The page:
Open Plan and Cobra help us to more accurately predict the final costs and delivery dates of the project. Before, there was always a certain amount of skepticism regarding the data collected; you could never be sure how accurate it was and this made planning difficult. Cobra, combined with Open Plan, gives us greater confidence in the data and we can rely on it to be more indicative of what will happen in the future. Controlling the elements of risk is critical to BAE, especially if we are to keep our stakeholders fully informed at every stage, says Chard. Using Open Plan and Cobra helped to promote a cultural change on the Eurofighter Typhoon project, continues Chard.

open Plan and cobra provide us with a consistent approach across all phases of the project, including design, development, manufacture and support, says chard.

20

CUSTOMER CASE STUDy: BAe sysTems

THE CHaLLENgE

THE SoLUTioN

THE DELTEk aDvaNTagE

BAe systems needed a suite of products that would help them with earned value management, scheduling and reporting for the development and manufacture of the eurofighter typhoon.

cobra and open Plan were chosen to provide BAe systems with a consistent approach across all phases of the project including design, development, manufacture and support.

Cobra and Open Plan have helped BAe systems integrate their cost and schedule management systems Open Plan and Cobra improve final cost predictions and delivery date accuracy for their projects There is an improvement in cost and business awareness

In summary, Welcoms project management tools have provided the BAE Systems management of the Eurofighter Typhoon project with more than just a reporting mechanism, says Chard. It has brought about a much more efficient and effective way of working. The data quality continues to improve, and EVM is firmly embedded into the Eurofighter Typhoon thinking. There has been an improvement in cost and business awareness, and everyone is now talking the same common project language.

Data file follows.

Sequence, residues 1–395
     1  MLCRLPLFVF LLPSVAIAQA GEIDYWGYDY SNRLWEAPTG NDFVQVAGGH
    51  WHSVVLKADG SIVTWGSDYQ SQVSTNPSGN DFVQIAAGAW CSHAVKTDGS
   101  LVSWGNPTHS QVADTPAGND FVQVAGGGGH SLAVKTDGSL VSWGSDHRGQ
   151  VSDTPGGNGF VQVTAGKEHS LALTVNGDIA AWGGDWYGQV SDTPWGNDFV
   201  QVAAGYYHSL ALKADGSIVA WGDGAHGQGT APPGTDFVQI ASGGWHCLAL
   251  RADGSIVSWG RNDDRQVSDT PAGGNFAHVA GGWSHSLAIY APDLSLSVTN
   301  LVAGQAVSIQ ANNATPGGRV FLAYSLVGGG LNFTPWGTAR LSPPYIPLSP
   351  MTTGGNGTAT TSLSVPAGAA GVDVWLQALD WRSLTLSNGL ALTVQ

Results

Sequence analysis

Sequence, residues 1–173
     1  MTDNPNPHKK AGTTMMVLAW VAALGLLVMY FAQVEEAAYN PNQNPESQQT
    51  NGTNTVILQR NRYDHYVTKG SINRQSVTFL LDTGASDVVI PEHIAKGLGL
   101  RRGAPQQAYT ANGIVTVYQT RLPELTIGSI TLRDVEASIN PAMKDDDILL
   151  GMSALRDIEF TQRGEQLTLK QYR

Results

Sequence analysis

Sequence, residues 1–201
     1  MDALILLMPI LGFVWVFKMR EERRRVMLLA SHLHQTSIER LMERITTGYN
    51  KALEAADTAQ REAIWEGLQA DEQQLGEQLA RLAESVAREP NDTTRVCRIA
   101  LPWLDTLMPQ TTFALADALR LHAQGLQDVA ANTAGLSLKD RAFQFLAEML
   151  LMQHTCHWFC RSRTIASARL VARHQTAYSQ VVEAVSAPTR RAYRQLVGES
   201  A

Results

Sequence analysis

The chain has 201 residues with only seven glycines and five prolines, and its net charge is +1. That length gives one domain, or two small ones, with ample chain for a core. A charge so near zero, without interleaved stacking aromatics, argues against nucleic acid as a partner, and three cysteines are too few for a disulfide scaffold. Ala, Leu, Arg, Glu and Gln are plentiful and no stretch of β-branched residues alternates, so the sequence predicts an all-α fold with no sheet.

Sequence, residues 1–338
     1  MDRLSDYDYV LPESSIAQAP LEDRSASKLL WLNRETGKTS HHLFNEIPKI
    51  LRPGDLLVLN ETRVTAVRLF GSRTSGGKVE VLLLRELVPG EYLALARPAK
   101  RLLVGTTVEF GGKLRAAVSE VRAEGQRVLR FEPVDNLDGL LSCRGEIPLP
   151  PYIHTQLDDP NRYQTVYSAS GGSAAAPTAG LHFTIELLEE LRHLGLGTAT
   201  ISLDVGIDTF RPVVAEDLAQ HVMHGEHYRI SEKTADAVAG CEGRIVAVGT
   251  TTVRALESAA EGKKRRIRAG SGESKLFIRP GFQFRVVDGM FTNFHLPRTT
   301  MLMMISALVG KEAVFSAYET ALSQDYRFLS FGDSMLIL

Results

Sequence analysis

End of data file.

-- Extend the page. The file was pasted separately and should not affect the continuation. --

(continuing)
The FuTure
The future for BAE Systems in the UK may be Delteks webbased project collaboration tool, WelcomHome. BAE Systems Australia, long-time users of Open Plan and Cobra, has already chosen the next generation of Welcoms project management tools for their project collaboration needs. This is the next step for us to consider, concludes Chard.

In my experience as a project manager, eVm (earned value management) has always been viewed as a mystical art, when in fact it is just plain project management good sense. over 170 staff have now received detailed process and tool set training, with a further 700 receiving awareness training, says chard.

21

CUSTOMER CASE STUDy: BAe sysTems

Contact deltek
www.deltek.com info@deltek.com

Deltek (NAsDAQ: ProJ) is the leading provider of enterprise applications software designed specifically for project-focused businesses. For more than two decades, our software applications have enabled organisations to automate mission-critical business processes around the engagement, execution and delivery of projects. more than 12,000 customers worldwide rely on Deltek to measure business results, optimise performance, streamline operations and win new business.
wOrld heAdquArTers: united states 13880 Dulles Corner Lane Herndon, VA 20171 800.456.2009 iNTerNATiONAl sAles heAdquArTers: Canada united Kingdom 110 Sheppard Ave. East, Suite 620 1 Warwick Row Toronto, ON M2N 6y8 London, SW1E 5ER 416.769.6565 +44 (0) 20 7518-5010 Australia 65 Henley Beach Road Mile End, South Australia 5031 +61 8 8150 5500